Scientists develop 'weather maps' for disease

Researchers have designed a web-based application that can track pathogens -- including disease outbreaks with implications for national security -- as they evolve around the globe.
Written by Christina Hernandez Sherwood, Contributing Writer

I wrote yesterday about the U.S. Department of Homeland Security's efforts to develop a cell phone application that could warn users of a hazardous chemical attack.

Now, scientists at Ohio State University and other institutions have announced another innovation with homeland security implications. They've designed a web-based application that can track pathogens -- including disease outbreaks -- as they evolve around the globe.

Published in a recent online issue of the journal Cladistics, Supramap tracks pathogens as they evolve in time and space -- an application touted as an aid to national security agents as they fight against infectious diseases.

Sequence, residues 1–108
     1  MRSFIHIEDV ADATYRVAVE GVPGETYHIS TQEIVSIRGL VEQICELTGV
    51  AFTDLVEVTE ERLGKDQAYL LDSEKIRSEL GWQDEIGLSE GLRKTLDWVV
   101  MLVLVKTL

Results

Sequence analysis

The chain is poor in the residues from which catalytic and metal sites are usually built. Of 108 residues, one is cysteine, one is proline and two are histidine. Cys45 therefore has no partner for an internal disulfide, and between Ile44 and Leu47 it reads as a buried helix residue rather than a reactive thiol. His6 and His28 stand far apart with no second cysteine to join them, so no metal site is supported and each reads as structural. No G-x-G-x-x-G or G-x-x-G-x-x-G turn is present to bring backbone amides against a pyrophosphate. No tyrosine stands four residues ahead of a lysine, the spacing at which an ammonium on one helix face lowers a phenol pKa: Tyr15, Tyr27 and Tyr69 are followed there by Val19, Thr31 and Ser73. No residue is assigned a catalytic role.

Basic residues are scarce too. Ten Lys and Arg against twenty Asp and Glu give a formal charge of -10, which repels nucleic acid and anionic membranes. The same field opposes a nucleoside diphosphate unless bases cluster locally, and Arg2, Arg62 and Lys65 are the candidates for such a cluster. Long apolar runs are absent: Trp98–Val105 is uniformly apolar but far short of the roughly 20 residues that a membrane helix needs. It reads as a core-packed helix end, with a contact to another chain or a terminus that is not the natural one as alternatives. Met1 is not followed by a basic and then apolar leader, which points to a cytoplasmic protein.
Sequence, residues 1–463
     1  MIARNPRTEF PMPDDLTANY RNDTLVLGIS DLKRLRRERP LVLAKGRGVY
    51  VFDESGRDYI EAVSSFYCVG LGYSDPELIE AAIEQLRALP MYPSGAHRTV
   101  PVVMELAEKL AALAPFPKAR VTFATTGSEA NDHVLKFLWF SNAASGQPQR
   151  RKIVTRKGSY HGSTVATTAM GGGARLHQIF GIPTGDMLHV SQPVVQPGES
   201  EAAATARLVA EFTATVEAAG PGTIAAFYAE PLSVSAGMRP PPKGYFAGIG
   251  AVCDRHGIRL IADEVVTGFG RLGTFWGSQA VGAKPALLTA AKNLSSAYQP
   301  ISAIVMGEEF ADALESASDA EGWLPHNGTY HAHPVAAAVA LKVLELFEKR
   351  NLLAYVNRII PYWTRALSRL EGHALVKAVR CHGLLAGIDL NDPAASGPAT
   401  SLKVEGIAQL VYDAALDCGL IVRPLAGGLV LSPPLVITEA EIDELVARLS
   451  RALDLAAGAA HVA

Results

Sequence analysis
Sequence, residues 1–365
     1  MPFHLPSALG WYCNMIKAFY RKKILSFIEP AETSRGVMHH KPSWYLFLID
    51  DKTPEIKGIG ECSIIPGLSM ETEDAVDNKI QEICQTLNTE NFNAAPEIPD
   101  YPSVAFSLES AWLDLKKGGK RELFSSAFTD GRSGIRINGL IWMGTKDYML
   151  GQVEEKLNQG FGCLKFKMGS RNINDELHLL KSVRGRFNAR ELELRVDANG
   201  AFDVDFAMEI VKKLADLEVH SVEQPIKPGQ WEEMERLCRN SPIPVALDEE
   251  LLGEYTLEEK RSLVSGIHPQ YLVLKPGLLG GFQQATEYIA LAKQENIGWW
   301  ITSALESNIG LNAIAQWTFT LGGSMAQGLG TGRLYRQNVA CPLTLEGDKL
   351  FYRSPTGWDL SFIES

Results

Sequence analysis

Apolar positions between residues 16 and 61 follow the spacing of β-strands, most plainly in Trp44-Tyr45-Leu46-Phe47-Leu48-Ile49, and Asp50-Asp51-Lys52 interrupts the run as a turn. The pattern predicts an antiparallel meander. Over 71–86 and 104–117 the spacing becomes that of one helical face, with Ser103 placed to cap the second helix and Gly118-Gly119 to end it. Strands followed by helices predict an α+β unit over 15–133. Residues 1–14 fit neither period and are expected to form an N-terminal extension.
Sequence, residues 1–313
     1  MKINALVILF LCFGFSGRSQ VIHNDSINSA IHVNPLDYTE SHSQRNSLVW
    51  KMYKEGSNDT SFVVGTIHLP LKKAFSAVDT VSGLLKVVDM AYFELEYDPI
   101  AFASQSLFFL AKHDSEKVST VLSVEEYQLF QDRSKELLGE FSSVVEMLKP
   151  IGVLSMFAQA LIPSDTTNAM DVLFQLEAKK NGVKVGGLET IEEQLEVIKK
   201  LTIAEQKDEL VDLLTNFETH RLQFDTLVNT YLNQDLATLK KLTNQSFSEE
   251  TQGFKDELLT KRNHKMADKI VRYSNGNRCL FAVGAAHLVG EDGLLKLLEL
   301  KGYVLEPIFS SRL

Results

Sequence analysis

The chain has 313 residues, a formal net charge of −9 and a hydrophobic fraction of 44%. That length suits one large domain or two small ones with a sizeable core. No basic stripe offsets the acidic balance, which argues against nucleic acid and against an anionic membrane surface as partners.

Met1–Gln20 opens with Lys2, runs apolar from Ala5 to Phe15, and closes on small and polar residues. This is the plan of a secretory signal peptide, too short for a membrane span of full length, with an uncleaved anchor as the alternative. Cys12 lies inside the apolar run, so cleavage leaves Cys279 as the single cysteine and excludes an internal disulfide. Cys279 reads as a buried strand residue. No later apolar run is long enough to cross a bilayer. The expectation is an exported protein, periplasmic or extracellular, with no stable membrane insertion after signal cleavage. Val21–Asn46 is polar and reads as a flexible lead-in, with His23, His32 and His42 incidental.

The researchers cite the recent outbreaks of SARS and influenza as examples of the importance of genomic sequencing as a method for diagnosing agents of infectious disease. Supramap harnesses that raw data to create an application that can connect the "spread of pathogens and key mutations across time, space and various hosts into a geographic information system," the scientists wrote.

"Supramap does more that put points on a map -- it is tracking a pathogen's evolution," said Daniel A. Janies, an Ohio State associate professor and the paper's first author. "We package the tools in an easy-to-use web-based application so that you don't need a Ph.D. in evolutionary biology and computer science to understand the trajectory and transmission of a disease."

Lead author Ward Wheeler, a curator at the American Museum of Natural History, said Supramap contains the power of prediction. "If the movement of a pathogen is related to bird flyways, and those routes are shifting because of something like climate change, we can predict where the disease might logically emerge next," he said.

More Supramap resources:

The project was funded by the U.S. Army Research Laboratory, Defense Advanced Research Projects Agency, OhioStateUniversity, the Google.org fund of the Tides Foundation and the American Museum of Natural History.

Image: Supramap depicts the westward spread of avian influenza / Janies et al. 2010 Cladistics online 04-9-10

This post was originally published on Smartplanet.com

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